Places of safety
Some prisons are used as emergency places of safety under the Mental Health Act if there is nowhere else for an acutely mentally ill person to be sent. The proposal is for such use to end, but it must be recognised that there must be an investment in alternatives in doing so.
The NHS should use the “need analysis” to make plans and allocate resources to ensure, at the minimum, that the mental healthcare in prisons is the same as in the community. It also needs to take into account the specific needs of the prison population.
There needs to be a bridge between existing gaps in care, and the problems resulting from fragmented service have to be resolved to ensure access to appropriate and adequate care. Although cost is an essential criterion on which to judge procurement bids, so is quality. Cost is not to be prioritised at the expense of quality.
The Ministry of Justice and the NHS should increase the availability of community sentence treatment requirement orders so that they are an option across the UK by 2023.
Mental health screening is to be reviewed, finding out why some establishments don’t carry them out in the appropriate timescale. The NHS should specify that the screening has to be carried out by a competent professional with experience in the criminal justice system. Work into understanding why there is a racial disparity should be accelerated.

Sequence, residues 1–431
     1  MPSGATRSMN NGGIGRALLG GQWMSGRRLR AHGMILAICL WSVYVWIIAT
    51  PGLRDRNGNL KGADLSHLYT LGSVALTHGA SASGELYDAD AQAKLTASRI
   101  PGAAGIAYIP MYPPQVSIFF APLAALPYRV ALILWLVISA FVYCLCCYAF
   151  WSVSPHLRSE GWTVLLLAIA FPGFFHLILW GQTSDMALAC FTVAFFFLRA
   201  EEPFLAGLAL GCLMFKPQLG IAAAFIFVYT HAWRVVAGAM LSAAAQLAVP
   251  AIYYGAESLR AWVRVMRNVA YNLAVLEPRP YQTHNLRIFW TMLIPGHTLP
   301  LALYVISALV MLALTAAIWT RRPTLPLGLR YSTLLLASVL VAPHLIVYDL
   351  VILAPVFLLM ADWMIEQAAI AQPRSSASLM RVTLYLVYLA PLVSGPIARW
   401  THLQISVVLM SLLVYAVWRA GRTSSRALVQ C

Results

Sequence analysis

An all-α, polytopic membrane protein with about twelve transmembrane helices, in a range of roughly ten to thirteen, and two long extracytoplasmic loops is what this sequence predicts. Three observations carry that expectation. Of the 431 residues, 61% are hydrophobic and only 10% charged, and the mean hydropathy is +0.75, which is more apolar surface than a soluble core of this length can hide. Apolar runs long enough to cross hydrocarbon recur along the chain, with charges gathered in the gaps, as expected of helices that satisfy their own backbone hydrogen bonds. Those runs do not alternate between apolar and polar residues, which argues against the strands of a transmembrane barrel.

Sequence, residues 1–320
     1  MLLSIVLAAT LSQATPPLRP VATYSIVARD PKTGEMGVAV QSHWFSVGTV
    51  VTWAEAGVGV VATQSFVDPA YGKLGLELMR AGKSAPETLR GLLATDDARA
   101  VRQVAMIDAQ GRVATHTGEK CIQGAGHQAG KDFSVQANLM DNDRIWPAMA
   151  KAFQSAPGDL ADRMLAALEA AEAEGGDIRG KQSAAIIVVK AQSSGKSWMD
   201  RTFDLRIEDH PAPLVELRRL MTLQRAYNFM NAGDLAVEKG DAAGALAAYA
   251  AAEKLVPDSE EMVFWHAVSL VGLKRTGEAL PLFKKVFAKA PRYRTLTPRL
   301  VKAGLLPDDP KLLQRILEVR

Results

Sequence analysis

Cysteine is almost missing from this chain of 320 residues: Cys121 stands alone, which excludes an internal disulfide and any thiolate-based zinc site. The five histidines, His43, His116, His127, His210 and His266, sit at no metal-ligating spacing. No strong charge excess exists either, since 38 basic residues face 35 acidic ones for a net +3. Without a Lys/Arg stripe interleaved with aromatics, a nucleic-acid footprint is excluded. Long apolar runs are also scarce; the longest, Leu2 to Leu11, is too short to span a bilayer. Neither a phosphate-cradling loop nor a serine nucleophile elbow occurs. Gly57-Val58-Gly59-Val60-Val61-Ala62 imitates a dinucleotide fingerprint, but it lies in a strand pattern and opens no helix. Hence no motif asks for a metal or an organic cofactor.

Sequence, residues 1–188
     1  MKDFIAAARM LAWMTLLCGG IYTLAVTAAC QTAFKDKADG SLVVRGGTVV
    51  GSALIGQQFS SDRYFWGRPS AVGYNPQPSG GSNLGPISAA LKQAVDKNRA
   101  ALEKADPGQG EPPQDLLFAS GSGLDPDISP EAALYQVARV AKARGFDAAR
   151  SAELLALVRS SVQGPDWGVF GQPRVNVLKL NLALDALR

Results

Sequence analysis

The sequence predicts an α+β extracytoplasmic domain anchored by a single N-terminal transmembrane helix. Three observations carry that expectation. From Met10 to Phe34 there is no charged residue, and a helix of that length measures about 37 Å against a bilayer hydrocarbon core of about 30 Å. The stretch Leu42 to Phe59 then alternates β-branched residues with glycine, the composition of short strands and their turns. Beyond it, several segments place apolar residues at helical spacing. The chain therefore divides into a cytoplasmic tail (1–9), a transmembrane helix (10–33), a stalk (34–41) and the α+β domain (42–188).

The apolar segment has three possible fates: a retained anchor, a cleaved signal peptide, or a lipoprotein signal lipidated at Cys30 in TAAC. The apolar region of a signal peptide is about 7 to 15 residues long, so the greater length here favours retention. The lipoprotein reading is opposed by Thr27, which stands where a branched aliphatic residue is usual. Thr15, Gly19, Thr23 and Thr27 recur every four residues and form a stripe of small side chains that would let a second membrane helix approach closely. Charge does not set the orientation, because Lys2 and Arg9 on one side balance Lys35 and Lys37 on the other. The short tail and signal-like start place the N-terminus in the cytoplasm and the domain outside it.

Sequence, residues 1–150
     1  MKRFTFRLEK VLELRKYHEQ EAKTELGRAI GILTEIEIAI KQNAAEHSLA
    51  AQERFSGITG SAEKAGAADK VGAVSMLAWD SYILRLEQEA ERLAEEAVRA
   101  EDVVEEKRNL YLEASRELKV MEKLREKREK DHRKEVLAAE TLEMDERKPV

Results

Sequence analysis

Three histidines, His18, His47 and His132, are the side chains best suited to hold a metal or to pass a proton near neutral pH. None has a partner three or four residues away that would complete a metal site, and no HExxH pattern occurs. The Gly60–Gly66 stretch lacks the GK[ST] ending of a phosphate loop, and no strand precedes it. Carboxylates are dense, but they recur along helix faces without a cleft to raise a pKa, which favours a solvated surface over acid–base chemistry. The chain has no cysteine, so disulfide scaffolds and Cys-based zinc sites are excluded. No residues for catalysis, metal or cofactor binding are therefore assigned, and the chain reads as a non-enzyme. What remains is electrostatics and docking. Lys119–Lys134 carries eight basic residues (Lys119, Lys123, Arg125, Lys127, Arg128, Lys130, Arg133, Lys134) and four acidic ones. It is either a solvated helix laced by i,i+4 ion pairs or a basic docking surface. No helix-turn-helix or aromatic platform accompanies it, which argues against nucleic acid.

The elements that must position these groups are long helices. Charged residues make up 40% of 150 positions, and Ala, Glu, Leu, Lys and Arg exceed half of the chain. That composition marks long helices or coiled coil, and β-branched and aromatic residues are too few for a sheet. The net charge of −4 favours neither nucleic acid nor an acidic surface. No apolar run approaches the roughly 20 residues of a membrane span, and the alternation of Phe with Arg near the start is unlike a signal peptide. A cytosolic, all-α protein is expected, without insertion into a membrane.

The Prison Service should develop training for officers on identifying mental illnesses, and how to support prisoners and signpost them to treatment.
Statutory time limits should be introduced for the limits for transferring prisoners to mental health inpatient beds (although this would not solve the problem of bed shortages).
As a matter of urgency, the relevant agencies are to introduce arrangements for the swift availability of prisoner medical records between prisons and the community. Liaison should also take place with the Parole Board to identify areas where there are problems arranging mental health treatment packages for prisoners being considered for parole.
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[Image credit: “Into the Prison” by Bill Nicholls is licensed under CC BY-SA 2.0 ]